There are plenty of traditional methods and advice for paying off debt. Most of these carry plenty of value:
Create a budget, spend less than you earn, cut up the credit card, earn more, make higher repayments, create forced savings, pay the highest interest rate first, automate your repayments, and consolidate your debts…
I’ve spent more than 10 years helping clients with these types of strategies and we’ve now built a business around it.
(If you’re in a situation where the above can help you and you want more info get in touch.)
None of the above are very exciting or creative. Often the best strategy for paying off debt is to keep it interesting. You need to shake things up and I want to show you some ways to make this happen.
(This is by no means an all-encompassing list but my hope is that it gets you thinking more creatively about paying off debt to free yourself from this mess.)
Start a side hustle – you’ve got 24 hours a day. Time to turn off the Kardashians and pull yourself out of this rut. Do some freelance writing, drive for Uber, be a maths tutor or an online dating consultant (yep, they exist!) – there are millions of ideas here. Get off the couch and use the time you’ve been given.
“Money didn’t make me. Those broke days did.” – Fetty Wap
Lose the gym membership – often one of the biggest but most under-utilised expenses in my clients’ budgets, there are cheaper ways to exercise. The ocean is my gym but if that’s not your cuppa tea, go for a run, or read my friend Jess’ awesome blog for a heap of home gym and outdoor exercise ideas.
Get the Crowd on Your Side: Launch a GoFundMe Page! –
Ok, it’s a bit of a joke but hear us out! We’ve stumbled upon some incredible tales of people receiving unexpected assistance to pay off their debts or even tackle those pesky speeding fines. And who knows? It might just work for you too!
Think of it as your own personal debt-busting campaign, with friends, family, and even total strangers rallying behind you. With a compelling description of your financial struggles, a dash of charm, and a pinch of humour, you’ll have people hooked and ready to support your cause.
Airbnb your home – if you have a spare room or two, make the most of it. Do this permanently, or at least whenever you go on holiday, even if it’s just a long weekend visiting family.
We’ve done this with our place a few times, last year it funded most of a three-week trip to the US.
Move back home – your parents will kill me. This is something I couldn’t really take advantage of as Grafton NSW didn’t have much in the way of dream jobs, but I have definitely seen others create this win.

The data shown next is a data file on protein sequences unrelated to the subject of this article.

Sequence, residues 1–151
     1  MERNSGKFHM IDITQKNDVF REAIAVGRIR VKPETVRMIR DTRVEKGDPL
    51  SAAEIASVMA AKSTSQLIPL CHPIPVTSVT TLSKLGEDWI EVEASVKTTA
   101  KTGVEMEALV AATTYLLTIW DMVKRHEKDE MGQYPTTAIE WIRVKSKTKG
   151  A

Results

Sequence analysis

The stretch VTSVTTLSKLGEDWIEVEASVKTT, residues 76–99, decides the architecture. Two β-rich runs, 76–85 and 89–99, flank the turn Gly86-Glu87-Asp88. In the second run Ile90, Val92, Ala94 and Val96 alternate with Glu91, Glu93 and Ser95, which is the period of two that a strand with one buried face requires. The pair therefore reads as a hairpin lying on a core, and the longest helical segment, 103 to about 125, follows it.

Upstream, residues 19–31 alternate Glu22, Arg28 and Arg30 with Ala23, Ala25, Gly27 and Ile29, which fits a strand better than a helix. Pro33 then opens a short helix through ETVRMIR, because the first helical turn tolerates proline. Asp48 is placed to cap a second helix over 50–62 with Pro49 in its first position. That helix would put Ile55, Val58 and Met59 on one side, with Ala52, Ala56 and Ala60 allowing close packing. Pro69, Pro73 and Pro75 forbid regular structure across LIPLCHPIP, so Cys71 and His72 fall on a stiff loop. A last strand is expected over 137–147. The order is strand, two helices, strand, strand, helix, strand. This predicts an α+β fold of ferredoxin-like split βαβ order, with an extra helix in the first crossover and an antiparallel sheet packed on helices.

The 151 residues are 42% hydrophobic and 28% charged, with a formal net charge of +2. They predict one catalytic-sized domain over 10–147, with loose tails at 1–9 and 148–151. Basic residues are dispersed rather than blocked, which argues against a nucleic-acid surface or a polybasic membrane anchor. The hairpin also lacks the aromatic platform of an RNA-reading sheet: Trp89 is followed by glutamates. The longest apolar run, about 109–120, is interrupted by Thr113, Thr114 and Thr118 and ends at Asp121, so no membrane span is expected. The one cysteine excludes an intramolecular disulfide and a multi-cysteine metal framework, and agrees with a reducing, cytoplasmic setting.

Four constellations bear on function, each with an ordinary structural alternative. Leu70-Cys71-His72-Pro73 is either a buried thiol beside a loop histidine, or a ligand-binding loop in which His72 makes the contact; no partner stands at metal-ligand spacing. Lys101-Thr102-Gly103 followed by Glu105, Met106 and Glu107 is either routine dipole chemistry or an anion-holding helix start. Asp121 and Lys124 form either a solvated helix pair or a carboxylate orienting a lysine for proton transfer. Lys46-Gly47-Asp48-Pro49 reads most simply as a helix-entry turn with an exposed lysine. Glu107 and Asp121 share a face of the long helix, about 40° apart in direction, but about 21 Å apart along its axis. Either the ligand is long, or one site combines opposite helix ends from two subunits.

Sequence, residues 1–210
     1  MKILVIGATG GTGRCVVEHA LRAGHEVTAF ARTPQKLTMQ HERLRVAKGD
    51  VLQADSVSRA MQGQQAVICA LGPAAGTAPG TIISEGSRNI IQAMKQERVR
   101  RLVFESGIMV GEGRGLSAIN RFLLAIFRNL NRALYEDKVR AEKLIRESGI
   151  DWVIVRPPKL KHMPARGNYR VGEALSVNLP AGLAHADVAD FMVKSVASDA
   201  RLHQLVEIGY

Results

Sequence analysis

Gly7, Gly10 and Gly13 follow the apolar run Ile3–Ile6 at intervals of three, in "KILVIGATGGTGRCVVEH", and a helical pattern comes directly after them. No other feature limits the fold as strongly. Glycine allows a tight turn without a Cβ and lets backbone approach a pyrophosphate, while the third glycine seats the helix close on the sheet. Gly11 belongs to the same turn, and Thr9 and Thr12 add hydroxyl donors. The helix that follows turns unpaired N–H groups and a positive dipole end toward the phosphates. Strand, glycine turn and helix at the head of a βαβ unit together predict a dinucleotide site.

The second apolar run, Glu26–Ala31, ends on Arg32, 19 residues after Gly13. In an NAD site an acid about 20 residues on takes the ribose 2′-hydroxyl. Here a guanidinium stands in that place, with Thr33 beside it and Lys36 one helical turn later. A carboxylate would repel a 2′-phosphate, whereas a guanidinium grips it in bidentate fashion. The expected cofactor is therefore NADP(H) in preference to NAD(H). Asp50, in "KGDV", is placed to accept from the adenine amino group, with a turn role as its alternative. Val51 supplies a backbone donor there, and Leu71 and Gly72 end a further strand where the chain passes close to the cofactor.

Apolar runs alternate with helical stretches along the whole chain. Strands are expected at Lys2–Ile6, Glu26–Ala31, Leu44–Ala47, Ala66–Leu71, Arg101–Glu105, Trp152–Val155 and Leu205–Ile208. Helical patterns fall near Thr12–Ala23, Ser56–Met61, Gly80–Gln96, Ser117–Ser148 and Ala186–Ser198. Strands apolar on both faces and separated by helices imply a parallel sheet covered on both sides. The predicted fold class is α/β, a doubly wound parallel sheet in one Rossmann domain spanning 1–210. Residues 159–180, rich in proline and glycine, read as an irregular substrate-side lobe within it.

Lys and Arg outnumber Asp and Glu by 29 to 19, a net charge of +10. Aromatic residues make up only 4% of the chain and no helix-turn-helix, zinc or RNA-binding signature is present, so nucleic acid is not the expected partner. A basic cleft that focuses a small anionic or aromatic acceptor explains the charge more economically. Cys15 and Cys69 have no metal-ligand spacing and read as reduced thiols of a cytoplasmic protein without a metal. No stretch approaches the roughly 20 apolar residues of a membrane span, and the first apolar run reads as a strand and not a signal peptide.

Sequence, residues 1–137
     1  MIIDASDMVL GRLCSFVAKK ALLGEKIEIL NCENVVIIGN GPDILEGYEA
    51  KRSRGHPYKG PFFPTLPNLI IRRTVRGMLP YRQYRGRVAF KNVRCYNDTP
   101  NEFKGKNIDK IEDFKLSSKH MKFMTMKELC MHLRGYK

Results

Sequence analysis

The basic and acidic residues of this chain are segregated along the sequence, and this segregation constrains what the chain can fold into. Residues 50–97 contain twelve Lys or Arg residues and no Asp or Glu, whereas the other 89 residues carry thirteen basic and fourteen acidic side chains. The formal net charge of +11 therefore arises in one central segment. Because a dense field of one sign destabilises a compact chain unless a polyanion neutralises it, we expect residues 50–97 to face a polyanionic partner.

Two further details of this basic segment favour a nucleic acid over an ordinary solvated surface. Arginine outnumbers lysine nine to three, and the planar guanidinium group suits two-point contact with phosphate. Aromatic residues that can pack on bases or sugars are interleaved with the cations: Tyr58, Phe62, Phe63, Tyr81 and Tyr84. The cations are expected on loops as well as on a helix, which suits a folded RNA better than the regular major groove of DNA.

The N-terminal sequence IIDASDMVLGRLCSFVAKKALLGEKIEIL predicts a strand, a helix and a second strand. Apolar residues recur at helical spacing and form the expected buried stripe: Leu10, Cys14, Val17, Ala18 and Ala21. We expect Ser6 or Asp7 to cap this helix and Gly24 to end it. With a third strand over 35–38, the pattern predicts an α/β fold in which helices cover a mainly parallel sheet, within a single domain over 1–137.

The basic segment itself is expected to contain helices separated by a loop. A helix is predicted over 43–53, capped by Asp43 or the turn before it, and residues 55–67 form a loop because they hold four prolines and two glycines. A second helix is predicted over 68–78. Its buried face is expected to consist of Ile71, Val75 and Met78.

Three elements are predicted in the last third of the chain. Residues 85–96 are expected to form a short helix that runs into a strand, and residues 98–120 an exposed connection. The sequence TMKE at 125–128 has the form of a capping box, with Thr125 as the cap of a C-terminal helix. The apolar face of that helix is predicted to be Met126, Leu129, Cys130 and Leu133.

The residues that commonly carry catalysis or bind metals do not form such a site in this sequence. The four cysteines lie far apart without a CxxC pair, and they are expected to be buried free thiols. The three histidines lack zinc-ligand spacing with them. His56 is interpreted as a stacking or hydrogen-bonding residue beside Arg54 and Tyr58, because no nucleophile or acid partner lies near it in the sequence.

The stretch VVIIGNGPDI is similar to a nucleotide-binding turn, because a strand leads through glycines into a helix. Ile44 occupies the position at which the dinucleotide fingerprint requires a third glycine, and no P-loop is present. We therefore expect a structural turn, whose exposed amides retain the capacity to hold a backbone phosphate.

Just make sure it’s a temporary move. Your independence matters more in the long run, but paying off debt is a short-term issue so deal with it first.
Negotiate a remote work arrangement and drop the commute. You’ll get more done in less time, save travel costs, and make some of your rent or mortgage tax deductible. The world is now connected by this thing called the internet – just as many others have done before you, jump on board and make it your advantage.
Live somewhere cheaper – city living is ridiculously expensive in comparison to regional areas. Either commute further (and spend the travel time creating a side hustle); work remotely; or set up a virtual business like we have, so you can be location independent and remove the impulse spending distractions that are so prevalent in big cities.
Put your car on Uber Carshare – a great sharing site to earn some extra $ from your gas guzzler.
Better still, sell your car and use Go Get or another sharing service. I have a few clients who use this and absolutely rave about it.
Don’t cut the holiday but turn it into a savings opportunity.
Everyone needs a break to relax, dream bigger and reset. Find cheaper places to travel, get away from the 5-Star BS that got you into this mess in the first place, actually meet the people and see the world.
Sleep less – It’s probably a short-term solution, but you can do it. Go to bed later, set the alarm early and use the time to build your side hustle, write a meal plan, track your budget or start a blog.
Who said paying down debt had to be boring? Take the time to analyse your life and decide if you could pull off any or all of the above and disrupt your debt cycle.
If you’re still not sure where to turn, speak to a financial adviser about creating your debt-reduction plan and turning your life around.